HMS Superb was launched by the Royal Navy in 1976
A British nuclear-powered submarine has been damaged after it hit rocks in the Red Sea, defence officials say.
HMS Superb hit an underwater rock on 26 May and damage to its sonar equipment forced it to surface.
No crew members were hurt and the submarine remains watertight, according to a Ministry of Defence spokesman.
He said the submarine's nuclear reactor was "completely unaffected", but a full investigation was under way to determine the cause of the collision.
The 272ft attack vessel had passed through the Suez Canal and was in the northern Red Sea, 80 miles south of Suez itself, when she hit an underwater rock pinnacle.
There were 112 crew on board, but no other vessel was involved.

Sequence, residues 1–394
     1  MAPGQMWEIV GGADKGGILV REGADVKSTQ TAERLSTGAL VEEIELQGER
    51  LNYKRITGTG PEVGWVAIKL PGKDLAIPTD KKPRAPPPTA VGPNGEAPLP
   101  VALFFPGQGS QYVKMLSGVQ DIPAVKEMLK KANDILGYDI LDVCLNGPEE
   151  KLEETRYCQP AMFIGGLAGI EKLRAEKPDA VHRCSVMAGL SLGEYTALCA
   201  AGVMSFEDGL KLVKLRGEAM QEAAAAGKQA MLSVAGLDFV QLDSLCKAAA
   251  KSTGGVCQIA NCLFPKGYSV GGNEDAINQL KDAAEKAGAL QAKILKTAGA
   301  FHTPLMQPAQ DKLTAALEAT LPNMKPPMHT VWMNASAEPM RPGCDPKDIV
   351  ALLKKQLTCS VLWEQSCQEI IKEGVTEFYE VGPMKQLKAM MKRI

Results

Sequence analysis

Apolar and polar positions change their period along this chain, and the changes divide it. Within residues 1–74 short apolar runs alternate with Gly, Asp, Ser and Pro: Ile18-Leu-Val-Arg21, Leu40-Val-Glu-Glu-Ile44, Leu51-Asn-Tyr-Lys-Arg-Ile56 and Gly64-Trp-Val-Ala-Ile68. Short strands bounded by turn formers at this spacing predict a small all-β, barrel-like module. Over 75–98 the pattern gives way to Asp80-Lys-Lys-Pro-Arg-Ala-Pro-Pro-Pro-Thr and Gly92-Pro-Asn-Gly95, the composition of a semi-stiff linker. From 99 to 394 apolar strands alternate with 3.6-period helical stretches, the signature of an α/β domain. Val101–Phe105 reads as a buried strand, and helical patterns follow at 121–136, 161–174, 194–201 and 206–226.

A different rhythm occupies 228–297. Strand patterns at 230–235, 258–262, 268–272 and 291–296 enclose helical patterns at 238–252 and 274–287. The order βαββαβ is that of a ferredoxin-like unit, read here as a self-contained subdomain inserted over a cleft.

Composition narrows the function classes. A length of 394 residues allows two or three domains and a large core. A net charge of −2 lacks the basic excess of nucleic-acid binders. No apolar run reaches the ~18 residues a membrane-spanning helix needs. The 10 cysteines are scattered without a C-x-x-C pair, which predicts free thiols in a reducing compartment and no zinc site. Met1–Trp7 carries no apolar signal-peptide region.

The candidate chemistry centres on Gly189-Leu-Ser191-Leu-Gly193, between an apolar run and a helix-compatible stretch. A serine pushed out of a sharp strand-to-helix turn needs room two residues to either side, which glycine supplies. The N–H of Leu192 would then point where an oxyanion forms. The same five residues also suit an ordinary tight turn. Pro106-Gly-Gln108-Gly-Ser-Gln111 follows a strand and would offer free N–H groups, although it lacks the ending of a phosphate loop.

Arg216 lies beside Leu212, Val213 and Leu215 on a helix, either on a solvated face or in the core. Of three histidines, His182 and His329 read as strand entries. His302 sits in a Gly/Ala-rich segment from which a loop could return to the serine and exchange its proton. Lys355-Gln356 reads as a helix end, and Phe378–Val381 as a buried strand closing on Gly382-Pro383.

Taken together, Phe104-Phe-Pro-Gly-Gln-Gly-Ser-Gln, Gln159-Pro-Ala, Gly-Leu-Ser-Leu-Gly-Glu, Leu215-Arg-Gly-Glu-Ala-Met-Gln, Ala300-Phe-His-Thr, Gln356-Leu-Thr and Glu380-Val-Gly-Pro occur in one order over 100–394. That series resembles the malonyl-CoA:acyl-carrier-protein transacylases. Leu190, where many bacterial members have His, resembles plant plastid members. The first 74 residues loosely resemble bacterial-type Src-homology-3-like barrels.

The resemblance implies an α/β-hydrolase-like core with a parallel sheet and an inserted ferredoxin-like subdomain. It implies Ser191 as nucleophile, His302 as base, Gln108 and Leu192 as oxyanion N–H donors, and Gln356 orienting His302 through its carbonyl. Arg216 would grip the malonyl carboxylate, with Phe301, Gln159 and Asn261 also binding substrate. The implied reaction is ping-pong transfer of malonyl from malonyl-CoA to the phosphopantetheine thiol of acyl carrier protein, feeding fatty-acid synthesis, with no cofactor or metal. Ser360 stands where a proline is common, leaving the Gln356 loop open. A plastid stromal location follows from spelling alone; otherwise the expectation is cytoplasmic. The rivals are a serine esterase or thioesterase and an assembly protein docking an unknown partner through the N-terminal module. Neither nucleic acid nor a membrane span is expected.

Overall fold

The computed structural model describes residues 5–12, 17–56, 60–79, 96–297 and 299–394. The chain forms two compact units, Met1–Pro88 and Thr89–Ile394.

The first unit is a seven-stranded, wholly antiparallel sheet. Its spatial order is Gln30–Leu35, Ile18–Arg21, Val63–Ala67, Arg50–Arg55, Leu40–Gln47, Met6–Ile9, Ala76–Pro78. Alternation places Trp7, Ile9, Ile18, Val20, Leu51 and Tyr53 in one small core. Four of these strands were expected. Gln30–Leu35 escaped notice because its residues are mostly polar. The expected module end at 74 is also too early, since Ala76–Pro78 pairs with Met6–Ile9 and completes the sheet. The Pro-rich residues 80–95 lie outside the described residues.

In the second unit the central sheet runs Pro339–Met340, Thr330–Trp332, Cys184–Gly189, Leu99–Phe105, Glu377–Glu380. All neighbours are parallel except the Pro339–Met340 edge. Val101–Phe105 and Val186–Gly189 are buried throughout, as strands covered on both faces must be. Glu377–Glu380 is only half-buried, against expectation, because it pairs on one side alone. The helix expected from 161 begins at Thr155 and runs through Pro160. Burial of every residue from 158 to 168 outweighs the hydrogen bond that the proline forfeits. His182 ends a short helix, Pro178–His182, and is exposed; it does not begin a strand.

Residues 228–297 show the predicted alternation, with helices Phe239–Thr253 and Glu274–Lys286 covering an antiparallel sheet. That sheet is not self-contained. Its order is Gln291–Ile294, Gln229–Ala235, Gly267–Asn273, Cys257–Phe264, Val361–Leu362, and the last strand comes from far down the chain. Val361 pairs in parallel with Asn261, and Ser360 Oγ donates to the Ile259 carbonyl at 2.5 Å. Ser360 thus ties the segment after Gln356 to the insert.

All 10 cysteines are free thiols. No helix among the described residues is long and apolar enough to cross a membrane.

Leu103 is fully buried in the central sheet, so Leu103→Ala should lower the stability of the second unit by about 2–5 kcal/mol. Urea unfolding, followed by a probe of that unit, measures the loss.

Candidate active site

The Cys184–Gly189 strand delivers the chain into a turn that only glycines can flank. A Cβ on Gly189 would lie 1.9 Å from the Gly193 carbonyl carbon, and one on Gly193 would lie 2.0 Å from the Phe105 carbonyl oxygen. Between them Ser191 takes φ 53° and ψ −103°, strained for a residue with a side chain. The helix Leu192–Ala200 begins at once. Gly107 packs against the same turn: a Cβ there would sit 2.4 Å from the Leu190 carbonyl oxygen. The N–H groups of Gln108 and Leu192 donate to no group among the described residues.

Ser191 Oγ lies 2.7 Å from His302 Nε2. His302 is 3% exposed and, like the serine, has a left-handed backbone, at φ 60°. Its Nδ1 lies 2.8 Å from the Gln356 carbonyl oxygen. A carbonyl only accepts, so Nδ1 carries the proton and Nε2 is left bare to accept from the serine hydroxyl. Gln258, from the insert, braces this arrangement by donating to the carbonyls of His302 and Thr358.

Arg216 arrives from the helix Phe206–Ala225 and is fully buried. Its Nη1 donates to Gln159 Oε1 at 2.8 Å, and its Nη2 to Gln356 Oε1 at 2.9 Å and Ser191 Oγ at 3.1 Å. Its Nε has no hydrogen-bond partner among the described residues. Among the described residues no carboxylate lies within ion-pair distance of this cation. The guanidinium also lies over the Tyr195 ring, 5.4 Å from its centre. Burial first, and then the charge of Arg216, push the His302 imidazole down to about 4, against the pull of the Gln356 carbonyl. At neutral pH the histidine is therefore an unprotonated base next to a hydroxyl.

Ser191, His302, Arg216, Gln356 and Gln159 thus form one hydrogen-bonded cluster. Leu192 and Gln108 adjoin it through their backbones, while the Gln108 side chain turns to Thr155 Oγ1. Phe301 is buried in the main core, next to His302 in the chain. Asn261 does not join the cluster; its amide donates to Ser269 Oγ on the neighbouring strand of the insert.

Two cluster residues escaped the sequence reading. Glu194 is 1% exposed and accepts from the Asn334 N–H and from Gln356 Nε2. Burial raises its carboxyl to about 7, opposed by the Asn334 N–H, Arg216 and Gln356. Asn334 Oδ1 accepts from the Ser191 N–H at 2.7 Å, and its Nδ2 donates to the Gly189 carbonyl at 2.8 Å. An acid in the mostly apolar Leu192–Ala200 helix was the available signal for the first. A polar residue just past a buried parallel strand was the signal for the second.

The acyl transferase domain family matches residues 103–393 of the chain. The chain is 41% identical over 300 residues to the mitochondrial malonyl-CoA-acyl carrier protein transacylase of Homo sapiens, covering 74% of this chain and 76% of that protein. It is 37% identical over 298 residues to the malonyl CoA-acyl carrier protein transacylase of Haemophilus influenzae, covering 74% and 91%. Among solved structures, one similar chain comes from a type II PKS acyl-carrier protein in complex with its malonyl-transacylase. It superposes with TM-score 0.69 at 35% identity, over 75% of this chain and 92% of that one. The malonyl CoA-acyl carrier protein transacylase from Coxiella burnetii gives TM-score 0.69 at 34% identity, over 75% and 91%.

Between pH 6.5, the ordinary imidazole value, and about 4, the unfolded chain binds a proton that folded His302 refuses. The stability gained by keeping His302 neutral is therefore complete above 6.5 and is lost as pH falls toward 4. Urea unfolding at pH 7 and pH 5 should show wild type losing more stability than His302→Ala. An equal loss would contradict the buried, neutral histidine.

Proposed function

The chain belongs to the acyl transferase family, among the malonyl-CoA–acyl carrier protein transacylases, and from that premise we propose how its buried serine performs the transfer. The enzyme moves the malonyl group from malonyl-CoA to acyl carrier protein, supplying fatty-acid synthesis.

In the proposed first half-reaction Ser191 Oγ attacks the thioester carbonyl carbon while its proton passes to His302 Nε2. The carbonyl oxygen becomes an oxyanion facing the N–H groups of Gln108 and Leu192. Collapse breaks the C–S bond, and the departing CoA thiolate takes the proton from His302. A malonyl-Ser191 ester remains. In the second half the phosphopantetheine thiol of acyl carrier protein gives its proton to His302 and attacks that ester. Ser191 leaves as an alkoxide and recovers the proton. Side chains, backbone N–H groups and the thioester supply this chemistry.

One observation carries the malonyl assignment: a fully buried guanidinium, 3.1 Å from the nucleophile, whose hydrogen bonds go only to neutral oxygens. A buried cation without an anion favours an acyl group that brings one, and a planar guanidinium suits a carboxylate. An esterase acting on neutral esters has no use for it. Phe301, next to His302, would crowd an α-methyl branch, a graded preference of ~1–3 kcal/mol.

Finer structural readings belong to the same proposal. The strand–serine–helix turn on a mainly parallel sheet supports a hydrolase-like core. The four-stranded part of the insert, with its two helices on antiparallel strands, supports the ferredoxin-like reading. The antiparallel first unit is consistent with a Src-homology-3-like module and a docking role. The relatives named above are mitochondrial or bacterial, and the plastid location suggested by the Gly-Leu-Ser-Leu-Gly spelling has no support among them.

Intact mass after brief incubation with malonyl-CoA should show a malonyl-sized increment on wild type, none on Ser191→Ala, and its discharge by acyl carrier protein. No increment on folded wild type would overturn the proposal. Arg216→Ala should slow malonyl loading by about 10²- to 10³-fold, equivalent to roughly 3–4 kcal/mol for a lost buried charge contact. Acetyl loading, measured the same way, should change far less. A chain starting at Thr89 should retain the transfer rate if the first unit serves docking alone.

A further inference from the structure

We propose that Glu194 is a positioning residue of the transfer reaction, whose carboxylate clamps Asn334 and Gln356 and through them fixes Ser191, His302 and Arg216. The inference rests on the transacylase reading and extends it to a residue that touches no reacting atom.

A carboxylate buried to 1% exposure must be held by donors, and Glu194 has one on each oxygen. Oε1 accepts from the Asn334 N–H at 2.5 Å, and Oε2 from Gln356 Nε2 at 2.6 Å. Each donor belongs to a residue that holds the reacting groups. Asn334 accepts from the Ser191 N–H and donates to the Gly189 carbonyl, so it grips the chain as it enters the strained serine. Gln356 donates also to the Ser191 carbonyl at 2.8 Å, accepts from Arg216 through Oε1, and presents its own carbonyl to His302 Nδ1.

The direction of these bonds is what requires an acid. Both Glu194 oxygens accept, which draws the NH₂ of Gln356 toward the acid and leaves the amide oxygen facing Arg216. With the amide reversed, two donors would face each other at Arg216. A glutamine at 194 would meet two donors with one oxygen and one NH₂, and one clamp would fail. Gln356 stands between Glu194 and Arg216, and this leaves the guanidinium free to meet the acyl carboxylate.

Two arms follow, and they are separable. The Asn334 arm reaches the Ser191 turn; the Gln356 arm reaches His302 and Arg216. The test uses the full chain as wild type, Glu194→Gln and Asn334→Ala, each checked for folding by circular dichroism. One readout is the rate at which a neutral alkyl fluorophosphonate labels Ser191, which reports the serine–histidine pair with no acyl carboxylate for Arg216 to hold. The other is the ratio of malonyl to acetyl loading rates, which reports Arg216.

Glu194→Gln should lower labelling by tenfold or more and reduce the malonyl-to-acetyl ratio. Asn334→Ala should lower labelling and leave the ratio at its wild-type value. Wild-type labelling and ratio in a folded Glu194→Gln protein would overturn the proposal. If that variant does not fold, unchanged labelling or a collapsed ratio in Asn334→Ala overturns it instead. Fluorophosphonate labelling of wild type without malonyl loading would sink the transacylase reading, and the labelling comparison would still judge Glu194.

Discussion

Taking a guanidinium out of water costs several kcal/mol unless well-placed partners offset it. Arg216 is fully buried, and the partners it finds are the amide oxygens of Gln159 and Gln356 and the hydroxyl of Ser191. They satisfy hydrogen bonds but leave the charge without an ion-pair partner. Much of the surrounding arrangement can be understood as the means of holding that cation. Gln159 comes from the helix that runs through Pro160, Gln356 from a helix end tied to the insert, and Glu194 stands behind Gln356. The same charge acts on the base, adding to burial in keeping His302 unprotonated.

The MoD said: "There were no casualties and the submarine remains watertight, is safe on the surface and able to operate under her own power."
There was also "no environmental impact" from the collision, he added.
The Navy is now trying to work out how to return the vessel to port.
It is currently in international waters, but is unable to dive because of the damage to its sonar equipment.
HMS Superb was first launched in 1976.